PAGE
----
Jana of the Jungle

Jana of the Jungle is an American animated television series created by comic strip artist Doug Wildey[1] and produced by Hanna-Barbera Productions which aired on NBC from September 9 to December 2, 1978. It was originally broadcast as a half-hour segment of The Godzilla Power Hour (1978) and its later expanded form The Godzilla Super 90 (1978–79).[2] Jana, Ghost, and Tico will both appear in the HBO Max original series Jellystone!.

Jana of the Jungle
Created byDoug Wildey
Directed byRay Patterson
Carl Urbano
Voices ofB.J. Ward
Michael Bell
Ted Cassidy
Theme music composerHoyt Curtin
Country of originUnited States
Original languageEnglish
No. of episodes13
Executive producersWilliam Hanna
Joseph Barbera
ProducerDoug Wildey
Running time30 minutes
Production companyHanna-Barbera Productions
DistributorTaft Broadcasting
Original networkNBC
Picture formatColor
Audio formatMono
Original releaseSeptember 9 (1978-09-09) –
December 2, 1978 (1978-12-02)
Related showsThe Godzilla Power Hour


Jana (voiced by B.J. Ward) is essentially a female version of Tarzan who traveled to the rain forests of South America in search of her lost father (whom she never finds).[3] Her father vanished in a boating accident when she was still a child, but the introduction shows that he survived. She has long blonde hair, wears a dress made of unspecified animal skin and a necklace which doubles as a throwable weapon and makes a high-pitched resonating sound when thrown (somewhat similar to the chakram that would be the weapon of choice for the later, live-action Xena, Warrior Princess) given to her by her father before the boating accident. She also has a yell that is a slightly altered version of Tarzan’s which she uses to call many types of animals.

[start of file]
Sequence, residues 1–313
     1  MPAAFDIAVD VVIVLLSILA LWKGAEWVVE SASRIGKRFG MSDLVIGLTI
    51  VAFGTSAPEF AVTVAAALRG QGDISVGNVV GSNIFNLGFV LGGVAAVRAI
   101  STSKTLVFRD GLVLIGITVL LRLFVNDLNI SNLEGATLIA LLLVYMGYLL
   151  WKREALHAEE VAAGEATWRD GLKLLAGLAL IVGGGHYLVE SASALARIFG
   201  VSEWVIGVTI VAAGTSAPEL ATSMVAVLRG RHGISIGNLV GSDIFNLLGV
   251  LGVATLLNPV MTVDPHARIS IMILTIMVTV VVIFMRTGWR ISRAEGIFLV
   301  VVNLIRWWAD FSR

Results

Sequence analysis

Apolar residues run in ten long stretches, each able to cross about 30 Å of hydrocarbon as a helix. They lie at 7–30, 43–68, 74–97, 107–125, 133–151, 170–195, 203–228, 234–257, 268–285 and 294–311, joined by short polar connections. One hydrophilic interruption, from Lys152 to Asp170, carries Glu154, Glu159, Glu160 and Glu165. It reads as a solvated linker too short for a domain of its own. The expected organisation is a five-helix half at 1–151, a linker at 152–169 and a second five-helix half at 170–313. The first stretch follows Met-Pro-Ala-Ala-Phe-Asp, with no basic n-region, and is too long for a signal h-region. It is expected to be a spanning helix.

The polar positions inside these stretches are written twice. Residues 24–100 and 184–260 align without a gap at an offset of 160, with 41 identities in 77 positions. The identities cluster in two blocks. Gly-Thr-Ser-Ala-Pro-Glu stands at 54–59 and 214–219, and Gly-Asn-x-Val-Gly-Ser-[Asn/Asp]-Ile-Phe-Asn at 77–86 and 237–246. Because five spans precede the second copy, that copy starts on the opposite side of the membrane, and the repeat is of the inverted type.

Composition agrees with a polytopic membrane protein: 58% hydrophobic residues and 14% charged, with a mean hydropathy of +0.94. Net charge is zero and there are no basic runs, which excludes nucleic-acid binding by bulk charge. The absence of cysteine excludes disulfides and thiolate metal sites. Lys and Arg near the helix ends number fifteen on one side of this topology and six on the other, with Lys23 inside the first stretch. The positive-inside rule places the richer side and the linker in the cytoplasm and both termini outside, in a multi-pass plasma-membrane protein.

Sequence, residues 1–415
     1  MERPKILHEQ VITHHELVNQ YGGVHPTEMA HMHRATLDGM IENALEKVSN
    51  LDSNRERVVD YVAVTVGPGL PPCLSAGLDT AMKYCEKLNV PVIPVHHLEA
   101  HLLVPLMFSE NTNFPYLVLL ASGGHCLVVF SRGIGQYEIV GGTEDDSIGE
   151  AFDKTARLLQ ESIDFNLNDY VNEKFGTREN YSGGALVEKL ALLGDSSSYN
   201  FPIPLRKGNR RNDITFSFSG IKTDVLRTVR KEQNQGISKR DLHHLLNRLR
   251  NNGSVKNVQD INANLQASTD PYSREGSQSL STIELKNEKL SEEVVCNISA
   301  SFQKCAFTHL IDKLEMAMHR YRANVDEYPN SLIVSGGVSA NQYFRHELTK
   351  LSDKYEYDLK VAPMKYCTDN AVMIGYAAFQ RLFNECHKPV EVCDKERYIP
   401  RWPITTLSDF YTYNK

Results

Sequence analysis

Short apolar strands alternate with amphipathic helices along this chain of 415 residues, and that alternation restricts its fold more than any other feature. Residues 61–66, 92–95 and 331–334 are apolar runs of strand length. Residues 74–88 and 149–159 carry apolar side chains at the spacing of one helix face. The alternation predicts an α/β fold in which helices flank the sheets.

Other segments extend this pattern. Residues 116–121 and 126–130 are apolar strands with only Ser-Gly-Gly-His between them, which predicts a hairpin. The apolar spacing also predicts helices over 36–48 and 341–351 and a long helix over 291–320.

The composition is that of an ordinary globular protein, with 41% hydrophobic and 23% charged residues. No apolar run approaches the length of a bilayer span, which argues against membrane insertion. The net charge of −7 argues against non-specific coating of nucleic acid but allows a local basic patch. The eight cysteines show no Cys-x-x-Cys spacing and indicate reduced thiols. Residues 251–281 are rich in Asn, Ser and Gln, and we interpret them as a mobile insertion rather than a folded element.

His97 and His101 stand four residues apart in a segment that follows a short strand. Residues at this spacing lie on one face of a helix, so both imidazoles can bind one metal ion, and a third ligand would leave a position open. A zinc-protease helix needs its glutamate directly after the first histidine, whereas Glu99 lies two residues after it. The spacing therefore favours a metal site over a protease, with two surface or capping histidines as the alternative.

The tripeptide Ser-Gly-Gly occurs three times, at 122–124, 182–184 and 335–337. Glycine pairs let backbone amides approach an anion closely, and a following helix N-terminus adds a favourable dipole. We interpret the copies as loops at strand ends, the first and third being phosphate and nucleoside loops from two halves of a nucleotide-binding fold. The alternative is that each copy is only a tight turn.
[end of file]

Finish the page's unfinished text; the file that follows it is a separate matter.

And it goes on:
Besides her animal friends (Ghost, a sleek white jaguar and Tico, a pesky water opossum), Jana has two human friends: Dr. Ben Cooper (voiced by Michael Bell), a young wildlife biologist who maintained the preserve started by Jana's father and helped in her continuing search for her father; and Montaro (voiced by Ted Cassidy), a descendant of a lost warrior tribe armed with a supernatural weapon known as the Staff of Power that can cause earthquake shockwaves when it strikes the ground. Montaro rescued Jana from the boating accident in which her father disappeared.

These are some of the jungle animals Jana called to, many for help:


Episode Title & Synopsis Airdate
1"Countdown"September 9, 1978 (1978-09-09)
A military plane crashes in the jungle and its cargo, a powerful bomb, falls into the hands of an isolated tribe. Jana must deal with both the bomb, which is counting down, and an active volcano.
2"The Golden Idol of the Gorgas"September 16, 1978 (1978-09-16)
Two people come to the jungle and ask Jana for help claiming their son is lost in dangerous territory.
3"Katuchi Danger"September 23, 1978 (1978-09-23)
A plane carrying medical supplies crashes in the "valley of the lost" where legend says live the Katuchi, a dangerous tribe of ape-men.
4"Race for Life"September 30, 1978 (1978-09-30)
Ben is forcibly captured by the Amazoni, a tribe of giant female warriors.
5"The Cordillera Volcano"October 7, 1978 (1978-10-07)
When a volcano erupts, Jana has to lead endangered miners to safety.
6"The Animal Snatchers"October 14, 1978 (1978-10-14)